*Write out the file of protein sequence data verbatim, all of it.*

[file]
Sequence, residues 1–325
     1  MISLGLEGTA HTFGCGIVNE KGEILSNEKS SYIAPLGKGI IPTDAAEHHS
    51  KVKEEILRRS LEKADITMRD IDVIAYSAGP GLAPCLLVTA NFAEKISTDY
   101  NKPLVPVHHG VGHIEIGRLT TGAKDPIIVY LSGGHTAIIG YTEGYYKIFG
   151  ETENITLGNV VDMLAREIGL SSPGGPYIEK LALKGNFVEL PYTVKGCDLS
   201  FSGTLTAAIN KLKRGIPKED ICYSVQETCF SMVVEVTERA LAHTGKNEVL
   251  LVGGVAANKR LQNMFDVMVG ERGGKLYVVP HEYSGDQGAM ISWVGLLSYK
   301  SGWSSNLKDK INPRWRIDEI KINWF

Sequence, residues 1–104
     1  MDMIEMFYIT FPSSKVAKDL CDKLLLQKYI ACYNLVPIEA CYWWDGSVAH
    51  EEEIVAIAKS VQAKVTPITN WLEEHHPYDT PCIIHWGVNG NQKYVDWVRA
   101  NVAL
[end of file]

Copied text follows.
Sequence, residues 1–325
     1  MISLGLEGTA HTFGCGIVNE KGEILSNEKS SYIAPLGKGI IPTDAAEHHS
    51  KVKEEILRRS LEKADITMRD IDVIAYSAGP GLAPCLLVTA NFAEKISTDY
   101  NKPLVPVHHG VGHIEIGRLT TGAKDPIIVY LSGGHTAIIG YTEGYYKIFG
   151  ETENITLGNV VDMLAREIGL SSPGGPYIEK LALKGNFVEL PYTVKGCDLS
   201  FSGTLTAAIN KLKRGIPKED ICYSVQETCF SMVVEVTERA LAHTGKNEVL
   251  LVGGVAANKR LQNMFDVMVG ERGGKLYVVP HEYSGDQGAM ISWVGLLSYK
   301  SGWSSNLKDK INPRWRIDEI KINWF

Sequence, residues 1–104
     1  MDMIEMFYIT FPSSKVAKDL CDKLLLQKYI ACYNLVPIEA CYWWDGSVAH
    51  EEEIVAIAKS VQAKVTPITN WLEEHHPYDT PCIIHWGVNG NQKYVDWVRA
   101  NVAL